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Keywords: Lisp, Scheme, Racket. Programming
Title: Realm of Racket
Author: Matthias Felleisen, Conrad Barski, David Van Horn et al
Publisher: No Starch Press
Verdict: Interesting and engaging introduction to a Liso-style programming language
I have to admit that I've always resisted the lure of Lisp, despite the fact that I enjoy exploring different programming paradigms. While it has never quite gone away, the last few years have seen a recurrence of interest in Lisp-style languages, particularly Scheme and Clojure. Racket is a relative new comer to the field, but is gaining traction as both a language and integrated development environment. Which brings us to this book, which promises to teach us programming 'one game at a time'.
The book is written by three university professors and a group of their students, so the unusual approach to the subject extends to how the book is put together and not just to the content. The aim is clearly to teach the non-expert and to make that learning fun - though the games themselves are not that challenging or engagins (at least not to this reader). However, this is clearly one of those books that you have to read in front of your machine - it's about following along and playing with the language. And, for those of us who're used to other languages, the Lisp/Scheme/Racket way of doing things takes some considerable getting used to. In some ways it's probably harder for the experienced programmer than for the absolute beginner.
Following along means using the DrRacket interactive environment, which includes a 'read evaluate print loop' environment that gives you a console with a prompt and the chance to enter expressions and see what they evaluate too. For old hands who've used similar REPL environments in the past, it's a great way to encourage experimentation, prototyping and having a bit of geeky fun (come on, it is fun to play with data structures and see what happens when you try this or that...). The book includes lots of examples, though for some reason these are illustrated in pen and ink rather than as screenshots, which is a bit odd and doesn't really add much to the content. It feels like someone's decided that it's important to be 'quirky' as part of the appeal of the book, but there's no real need, the language is plenty quirky and different to grab the reader's attention.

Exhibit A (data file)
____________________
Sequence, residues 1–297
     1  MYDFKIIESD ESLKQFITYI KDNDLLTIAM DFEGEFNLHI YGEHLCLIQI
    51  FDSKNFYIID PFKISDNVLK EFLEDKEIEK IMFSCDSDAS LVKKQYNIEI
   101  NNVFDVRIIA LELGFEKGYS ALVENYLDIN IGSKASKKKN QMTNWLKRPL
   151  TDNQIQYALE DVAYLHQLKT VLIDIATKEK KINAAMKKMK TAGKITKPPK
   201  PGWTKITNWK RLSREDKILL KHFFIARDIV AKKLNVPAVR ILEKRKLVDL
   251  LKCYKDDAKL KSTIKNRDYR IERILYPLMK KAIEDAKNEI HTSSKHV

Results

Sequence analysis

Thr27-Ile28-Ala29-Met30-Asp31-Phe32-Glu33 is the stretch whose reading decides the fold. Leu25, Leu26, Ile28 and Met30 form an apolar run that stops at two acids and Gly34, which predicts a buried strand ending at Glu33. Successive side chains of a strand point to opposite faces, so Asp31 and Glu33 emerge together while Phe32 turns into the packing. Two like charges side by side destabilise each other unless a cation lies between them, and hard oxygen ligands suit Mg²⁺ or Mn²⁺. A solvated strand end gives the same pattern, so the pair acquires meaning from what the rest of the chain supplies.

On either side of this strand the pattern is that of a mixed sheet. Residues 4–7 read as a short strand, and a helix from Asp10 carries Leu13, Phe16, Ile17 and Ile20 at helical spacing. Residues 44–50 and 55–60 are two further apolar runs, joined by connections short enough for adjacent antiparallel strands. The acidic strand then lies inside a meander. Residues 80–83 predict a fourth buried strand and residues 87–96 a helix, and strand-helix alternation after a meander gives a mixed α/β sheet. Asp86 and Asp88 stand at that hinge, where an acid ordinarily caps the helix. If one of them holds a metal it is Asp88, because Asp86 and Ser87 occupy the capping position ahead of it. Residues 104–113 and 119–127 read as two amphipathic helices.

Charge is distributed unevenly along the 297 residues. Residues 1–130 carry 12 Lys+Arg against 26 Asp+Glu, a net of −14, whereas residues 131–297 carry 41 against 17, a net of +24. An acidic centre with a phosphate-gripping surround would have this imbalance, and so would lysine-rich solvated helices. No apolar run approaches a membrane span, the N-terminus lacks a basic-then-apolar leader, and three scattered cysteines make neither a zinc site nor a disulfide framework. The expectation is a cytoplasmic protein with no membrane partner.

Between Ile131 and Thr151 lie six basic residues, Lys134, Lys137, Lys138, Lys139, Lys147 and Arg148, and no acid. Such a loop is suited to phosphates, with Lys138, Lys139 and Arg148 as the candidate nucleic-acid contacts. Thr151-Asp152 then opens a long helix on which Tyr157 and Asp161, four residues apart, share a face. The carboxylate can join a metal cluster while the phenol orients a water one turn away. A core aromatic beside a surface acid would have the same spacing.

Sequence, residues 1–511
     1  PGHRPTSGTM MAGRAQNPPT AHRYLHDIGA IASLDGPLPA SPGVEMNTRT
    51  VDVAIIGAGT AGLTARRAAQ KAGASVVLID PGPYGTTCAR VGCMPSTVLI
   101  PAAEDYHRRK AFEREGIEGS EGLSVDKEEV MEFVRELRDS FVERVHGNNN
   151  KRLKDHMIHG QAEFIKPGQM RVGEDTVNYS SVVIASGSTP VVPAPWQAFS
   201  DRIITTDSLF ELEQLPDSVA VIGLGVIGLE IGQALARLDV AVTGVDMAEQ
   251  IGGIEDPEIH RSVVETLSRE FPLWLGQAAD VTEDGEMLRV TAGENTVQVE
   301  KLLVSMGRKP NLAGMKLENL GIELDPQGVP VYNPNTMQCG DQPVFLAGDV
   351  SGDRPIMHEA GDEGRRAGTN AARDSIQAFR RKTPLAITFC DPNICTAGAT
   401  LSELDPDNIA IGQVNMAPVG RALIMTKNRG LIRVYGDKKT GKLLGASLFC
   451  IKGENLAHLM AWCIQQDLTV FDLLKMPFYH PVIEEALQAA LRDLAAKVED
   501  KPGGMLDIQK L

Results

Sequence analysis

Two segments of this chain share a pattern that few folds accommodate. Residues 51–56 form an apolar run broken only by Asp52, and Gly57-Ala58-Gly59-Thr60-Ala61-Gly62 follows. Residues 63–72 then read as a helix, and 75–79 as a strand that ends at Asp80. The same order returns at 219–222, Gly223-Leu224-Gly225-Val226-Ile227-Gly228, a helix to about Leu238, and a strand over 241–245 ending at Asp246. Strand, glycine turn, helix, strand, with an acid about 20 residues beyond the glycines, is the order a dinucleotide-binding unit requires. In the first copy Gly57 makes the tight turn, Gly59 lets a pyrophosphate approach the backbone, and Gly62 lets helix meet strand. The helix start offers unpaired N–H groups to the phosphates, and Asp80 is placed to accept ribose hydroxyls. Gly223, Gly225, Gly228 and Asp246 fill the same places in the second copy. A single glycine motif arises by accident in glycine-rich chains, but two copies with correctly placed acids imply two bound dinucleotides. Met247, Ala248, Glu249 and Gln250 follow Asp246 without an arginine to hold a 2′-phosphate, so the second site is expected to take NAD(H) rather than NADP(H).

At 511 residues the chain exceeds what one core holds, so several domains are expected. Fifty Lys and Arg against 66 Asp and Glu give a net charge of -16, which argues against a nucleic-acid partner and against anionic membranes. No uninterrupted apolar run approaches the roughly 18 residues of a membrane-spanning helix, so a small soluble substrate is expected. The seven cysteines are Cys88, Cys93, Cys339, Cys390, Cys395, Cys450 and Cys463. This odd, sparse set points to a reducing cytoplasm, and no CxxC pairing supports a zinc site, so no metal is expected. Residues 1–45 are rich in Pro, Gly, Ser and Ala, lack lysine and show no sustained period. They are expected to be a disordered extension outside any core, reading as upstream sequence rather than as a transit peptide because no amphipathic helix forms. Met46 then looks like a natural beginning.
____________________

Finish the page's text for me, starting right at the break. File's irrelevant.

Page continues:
The games are largely of the logic type - guess my number, that sort of thing - but the games do provide very convenient hooks to explore deeper and deeper into the core concepts of the language. Those looking for shoot-em ups will be disappointed, but you do get to take the first steps to provide GUIs as well as text console programs. And in terms of concepts, the book covers basic syntax, data structures, conditionals, recursion and so on. There's also more advanced topics, including the dreaded lambda calculus, lazy evaluation, memoisation and more.
Overall there's a lot going for the book and it does a great job of selling the language and the environment. If you're thinking of learning a Lisp then this would be a great place to start. That said, for this reader at least, Racket remains of intellectual interest only - it's not going to supplant Java, Python and the rest. However, should the right problem ever arise, well, who knows...